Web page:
For those of you that know I am an avid reader and there is no doubt that was ingrained in me from childhood. Therefore I was delighted to find myself next to the birthplace of an old favourite Winnie-the-Pooh whilst enjoying an escape in Sussex, South East England. Take after Pooh and experience your own ‘expotition’ across Ashdown Forest and pass through the frequented haunts of Christopher Robin and Pooh. Winnie-the-Pooh was published in 1926 and illustrated by E.H. Shepard, the characters inspired from Christopher Robin’s toys i.e. A.A.Milne’s son.
A visit to the tranquil realms of Ashdown Forest led us to discover ‘the Pooh Walk’ which allows you to visit the real inspiration behind those magical early adventures and proof that some of the best things in life are free. The suggested start for both the short and longer trail is Gills Lap car park in Hartfield, where I started my adventure, transporting us to the ‘enchanted place on the top of the forest’ where it was said ‘a little boy and his bear will always be playing’.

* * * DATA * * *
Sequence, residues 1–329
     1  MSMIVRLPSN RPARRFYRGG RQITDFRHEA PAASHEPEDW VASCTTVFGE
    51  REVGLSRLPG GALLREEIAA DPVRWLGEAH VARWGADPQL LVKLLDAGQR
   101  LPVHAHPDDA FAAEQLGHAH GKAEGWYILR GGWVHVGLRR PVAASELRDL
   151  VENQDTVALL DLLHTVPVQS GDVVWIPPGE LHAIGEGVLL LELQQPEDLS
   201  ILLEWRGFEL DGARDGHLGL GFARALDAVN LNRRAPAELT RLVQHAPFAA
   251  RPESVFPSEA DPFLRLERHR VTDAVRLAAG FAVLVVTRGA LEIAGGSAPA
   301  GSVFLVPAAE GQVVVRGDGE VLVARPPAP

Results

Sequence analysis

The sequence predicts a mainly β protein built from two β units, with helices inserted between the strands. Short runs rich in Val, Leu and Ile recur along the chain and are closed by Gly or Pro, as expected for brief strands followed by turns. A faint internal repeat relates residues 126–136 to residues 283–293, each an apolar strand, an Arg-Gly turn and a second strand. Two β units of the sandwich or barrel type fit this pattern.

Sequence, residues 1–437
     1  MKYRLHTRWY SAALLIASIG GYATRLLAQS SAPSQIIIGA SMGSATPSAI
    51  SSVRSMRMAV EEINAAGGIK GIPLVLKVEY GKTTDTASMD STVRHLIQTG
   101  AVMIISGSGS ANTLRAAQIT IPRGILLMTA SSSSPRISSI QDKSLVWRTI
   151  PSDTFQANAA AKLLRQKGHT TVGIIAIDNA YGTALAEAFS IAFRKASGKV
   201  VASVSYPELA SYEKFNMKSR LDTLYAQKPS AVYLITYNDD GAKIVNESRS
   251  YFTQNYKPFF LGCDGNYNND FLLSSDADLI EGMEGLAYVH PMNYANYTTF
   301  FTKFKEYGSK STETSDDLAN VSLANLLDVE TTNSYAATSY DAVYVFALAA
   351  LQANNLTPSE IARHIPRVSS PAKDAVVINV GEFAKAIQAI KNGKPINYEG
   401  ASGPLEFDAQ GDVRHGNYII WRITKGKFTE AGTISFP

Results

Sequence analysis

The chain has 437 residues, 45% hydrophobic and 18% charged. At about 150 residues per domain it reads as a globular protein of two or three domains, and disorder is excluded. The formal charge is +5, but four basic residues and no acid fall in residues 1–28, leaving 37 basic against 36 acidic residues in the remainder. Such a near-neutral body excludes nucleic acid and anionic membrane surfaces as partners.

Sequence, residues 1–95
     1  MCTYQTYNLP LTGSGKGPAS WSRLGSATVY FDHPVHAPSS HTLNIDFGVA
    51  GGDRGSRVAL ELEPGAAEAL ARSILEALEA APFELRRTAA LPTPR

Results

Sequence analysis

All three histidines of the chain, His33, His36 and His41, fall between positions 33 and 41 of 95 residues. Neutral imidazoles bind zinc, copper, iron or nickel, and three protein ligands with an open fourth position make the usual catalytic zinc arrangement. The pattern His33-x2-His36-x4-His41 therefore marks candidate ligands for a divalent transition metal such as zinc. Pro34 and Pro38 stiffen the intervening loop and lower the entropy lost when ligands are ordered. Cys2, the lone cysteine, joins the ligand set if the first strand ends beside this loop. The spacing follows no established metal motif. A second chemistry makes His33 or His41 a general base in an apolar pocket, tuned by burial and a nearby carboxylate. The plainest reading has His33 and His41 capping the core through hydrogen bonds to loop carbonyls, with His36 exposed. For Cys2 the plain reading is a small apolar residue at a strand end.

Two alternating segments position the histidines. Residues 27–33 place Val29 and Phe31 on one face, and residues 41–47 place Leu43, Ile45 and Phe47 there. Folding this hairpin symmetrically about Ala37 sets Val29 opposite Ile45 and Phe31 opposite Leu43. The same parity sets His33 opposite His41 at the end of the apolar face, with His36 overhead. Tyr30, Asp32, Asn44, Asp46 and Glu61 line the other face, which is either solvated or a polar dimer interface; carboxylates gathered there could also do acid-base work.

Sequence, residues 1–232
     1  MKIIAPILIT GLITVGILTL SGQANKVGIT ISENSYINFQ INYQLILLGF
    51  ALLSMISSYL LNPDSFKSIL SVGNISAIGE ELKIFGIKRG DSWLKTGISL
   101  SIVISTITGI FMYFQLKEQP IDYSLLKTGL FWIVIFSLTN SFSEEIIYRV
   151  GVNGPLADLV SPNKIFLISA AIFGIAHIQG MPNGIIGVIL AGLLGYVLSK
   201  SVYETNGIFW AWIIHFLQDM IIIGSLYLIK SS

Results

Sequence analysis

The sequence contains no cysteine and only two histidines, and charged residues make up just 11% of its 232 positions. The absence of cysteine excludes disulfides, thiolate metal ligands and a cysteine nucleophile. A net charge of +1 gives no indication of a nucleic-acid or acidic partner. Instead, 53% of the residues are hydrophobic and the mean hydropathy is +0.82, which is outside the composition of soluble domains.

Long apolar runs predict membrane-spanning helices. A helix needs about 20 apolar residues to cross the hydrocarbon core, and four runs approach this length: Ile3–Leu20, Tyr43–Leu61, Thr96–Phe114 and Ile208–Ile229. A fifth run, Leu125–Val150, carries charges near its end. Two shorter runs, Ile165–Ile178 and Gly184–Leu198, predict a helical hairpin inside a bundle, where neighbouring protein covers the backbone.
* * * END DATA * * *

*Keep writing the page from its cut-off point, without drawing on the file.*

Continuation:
Follow in the footsteps of the great author A.A.Milne and discover the real 100 Akre Wood, the Enchanted Place, Piglet’s, the North Pole, Roo’s Sandy Pit, the Heffalump Trap, as well as Eeyore’s Sad and Gloomy Place. The shorter trail is an easy circuit suitable for children and offers wonderful views across surrounding countryside. For those keen to embark on the full adventure, beware of some steep and rocky areas of path as you venture up through the High Weald (Area of Outstanding Natural Beauty).
With weary legs you may wish to take a well-earned break before the second half of you literary adventures, in which case I heartedly recommend a visit to Pooh Corner, no surprise in Hartfield. Pooh Corner opened in 1978 and to this day continues to provide nomadic travellers and day-tripping families with a place to rest within quaint tea rooms and adjoining shop of memorabilia. Make time to enjoy a little something at Piglet’s Tea Room and Garden where you can enjoy a smackeral or two before the next leg of your journey.
Located slightly further down the road on the other side of Hartfield you’ll find a hidden woodland car park which will lead you unsuspectingly to the infamous Poohsticks Bridge, the game deriving from its namesake where it was invented. The original bridge built in 1907 was originally Posingford Bridge and was suggested by local historians that it was the place where Christopher Robin Milne and his father first played the game beloved by so many today. As the news came to spread and gain growing public interest, the bridge was subsequently reopened by Christopher Robin Milne and officially renamed Poohsticks Bridge as it now remains affectionately known.